Haqqani Network operates from Afghanistan, says Foreign Office spokesperson Nafees Zakariya: Foreign Office spokesperson Nafees Zakariya on June 6 said that there was no organised presence of any terror outfit, including Tehreek-e-Taliban Pakistan (TTP), Jama'at-ul-Ahrar (JuA), Daesh and al Qaeda on Pakistani soil. He also reiterated that the Haqqani Network operated from Afghanistan, not Pakistan. At his weekly news briefing, the spokesperson said the allegations about the presence of Haqqani network in tribal areas were mere rhetoric. "These are only aimed at putting the blame of their failures on Pakistan. The killing of a number of commanders of Haqqani network in Afghanistan clearly indicates that the group was based in Afghanistan and not operating from Pakistan," he said. Daily Times, July 7, 2017.


'Political ghosts with double-standards' oppose steps to prevent enforced disappearances, says Minister Mangala Samaraweera: Sri Lankan Minister Mangala Samaraweera said 'political ghosts with double-standards' are opposing steps to prevent enforced disappearances in the future. The Minister said in a statement that some sections divided over politics have opposed the Bill on Prevention of Disappearances, which is aimed at preventing forcible abduction, disappearance or imprisonment of citizens in future. Colombo Page, July 10, 2017.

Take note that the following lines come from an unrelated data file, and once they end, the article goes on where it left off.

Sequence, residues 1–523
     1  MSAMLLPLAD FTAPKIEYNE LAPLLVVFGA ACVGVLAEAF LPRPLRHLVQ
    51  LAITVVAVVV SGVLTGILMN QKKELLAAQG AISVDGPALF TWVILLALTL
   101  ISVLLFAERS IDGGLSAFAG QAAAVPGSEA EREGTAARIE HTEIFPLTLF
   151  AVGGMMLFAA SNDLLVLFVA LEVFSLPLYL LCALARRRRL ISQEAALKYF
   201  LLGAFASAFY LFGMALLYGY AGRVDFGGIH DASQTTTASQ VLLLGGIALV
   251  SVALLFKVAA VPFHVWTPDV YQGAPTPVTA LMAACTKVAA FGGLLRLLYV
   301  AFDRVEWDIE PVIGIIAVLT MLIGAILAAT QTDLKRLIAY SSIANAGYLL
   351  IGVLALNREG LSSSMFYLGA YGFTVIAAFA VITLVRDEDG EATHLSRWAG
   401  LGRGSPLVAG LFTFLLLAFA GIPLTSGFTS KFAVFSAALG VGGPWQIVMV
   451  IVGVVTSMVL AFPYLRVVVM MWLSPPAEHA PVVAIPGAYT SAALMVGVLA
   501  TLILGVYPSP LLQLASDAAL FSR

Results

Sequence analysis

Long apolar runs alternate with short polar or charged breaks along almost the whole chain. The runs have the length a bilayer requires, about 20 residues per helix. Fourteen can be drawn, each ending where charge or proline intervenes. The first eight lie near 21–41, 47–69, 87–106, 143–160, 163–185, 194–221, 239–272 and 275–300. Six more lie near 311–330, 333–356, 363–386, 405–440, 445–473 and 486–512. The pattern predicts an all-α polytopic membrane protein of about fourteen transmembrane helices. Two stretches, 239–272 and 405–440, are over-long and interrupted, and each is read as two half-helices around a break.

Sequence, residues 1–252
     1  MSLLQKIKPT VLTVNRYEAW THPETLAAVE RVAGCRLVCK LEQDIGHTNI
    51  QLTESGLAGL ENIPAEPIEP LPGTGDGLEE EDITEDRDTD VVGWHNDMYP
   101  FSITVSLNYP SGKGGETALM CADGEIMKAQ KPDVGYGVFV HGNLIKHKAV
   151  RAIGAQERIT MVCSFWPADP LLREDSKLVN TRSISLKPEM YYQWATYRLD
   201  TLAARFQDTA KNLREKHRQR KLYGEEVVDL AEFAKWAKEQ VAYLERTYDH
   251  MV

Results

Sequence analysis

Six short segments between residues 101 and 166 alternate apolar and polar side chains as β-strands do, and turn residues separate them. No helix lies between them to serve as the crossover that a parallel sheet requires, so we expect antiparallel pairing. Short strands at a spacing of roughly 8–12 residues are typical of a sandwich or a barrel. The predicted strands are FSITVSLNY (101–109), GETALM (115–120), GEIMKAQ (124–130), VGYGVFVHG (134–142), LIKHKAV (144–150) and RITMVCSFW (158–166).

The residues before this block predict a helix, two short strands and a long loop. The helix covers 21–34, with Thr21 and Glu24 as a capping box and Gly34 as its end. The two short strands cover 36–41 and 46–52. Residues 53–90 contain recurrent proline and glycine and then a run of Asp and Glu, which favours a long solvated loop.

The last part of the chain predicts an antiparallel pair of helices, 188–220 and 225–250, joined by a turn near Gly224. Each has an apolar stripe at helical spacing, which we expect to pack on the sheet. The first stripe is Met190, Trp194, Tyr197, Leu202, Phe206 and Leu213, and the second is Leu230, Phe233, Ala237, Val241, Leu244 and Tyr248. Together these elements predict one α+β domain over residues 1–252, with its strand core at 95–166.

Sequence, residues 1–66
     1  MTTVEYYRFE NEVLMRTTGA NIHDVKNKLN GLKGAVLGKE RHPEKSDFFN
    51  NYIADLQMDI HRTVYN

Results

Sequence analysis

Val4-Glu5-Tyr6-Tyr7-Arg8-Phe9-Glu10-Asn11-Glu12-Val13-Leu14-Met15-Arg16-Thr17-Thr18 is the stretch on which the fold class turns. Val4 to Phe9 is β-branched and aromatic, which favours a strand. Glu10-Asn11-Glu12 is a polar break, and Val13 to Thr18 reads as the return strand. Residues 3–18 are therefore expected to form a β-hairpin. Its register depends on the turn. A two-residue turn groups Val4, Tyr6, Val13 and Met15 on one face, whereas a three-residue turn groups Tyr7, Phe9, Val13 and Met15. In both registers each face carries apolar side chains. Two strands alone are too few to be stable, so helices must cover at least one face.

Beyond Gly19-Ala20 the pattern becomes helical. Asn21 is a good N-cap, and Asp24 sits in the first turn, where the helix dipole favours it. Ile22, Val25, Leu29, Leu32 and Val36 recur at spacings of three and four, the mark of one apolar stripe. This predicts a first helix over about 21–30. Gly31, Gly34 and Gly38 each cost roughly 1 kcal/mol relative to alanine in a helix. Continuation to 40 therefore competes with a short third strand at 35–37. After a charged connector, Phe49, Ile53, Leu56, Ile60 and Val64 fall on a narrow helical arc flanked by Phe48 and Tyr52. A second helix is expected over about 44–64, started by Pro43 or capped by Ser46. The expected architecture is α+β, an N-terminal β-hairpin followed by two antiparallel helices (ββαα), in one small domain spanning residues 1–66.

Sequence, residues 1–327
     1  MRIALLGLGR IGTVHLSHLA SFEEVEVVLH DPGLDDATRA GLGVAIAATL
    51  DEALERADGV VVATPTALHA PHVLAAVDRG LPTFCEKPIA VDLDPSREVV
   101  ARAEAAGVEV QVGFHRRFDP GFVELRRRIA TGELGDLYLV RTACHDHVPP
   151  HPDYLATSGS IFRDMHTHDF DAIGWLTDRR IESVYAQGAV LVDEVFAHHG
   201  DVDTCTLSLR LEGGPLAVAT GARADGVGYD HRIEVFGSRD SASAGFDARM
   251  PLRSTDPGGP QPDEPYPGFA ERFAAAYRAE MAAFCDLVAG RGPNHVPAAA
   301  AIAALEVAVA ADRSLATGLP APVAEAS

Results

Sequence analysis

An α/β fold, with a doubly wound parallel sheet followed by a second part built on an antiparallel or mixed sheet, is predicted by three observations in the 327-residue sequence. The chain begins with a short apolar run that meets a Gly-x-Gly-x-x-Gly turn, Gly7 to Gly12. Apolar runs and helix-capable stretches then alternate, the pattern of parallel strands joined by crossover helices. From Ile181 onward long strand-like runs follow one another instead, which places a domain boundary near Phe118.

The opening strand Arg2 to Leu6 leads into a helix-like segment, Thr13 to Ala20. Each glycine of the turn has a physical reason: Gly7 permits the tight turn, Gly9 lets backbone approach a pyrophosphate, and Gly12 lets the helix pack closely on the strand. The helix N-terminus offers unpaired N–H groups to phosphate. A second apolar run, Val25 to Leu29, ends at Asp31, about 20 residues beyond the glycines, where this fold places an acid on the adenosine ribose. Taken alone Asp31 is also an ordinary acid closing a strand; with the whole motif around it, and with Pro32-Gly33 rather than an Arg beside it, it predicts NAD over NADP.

The South Asia Intelligence Review (SAIR) is a weekly service that brings you regular data, assessments and news briefs on terrorism, insurgencies and sub-conventional warfare, on counter-terrorism responses and policies, as well as on related economic, political, and social issues, in the South Asian region.

SAIR is a project of the Institute for Conflict Management and the South Asia Terrorism Portal.

South Asia Intelligence Review [SAIR]

Dr. Ajai Sahni

Dr. Ajai Sahni

A Project of the
Institute For Conflict Management

To receive FREE advance copies of SAIR by email Subscribe.

Recommend South Asia Intelligence Review (SAIR) to a friend.





Copyright © 2001 SATP. All rights reserved.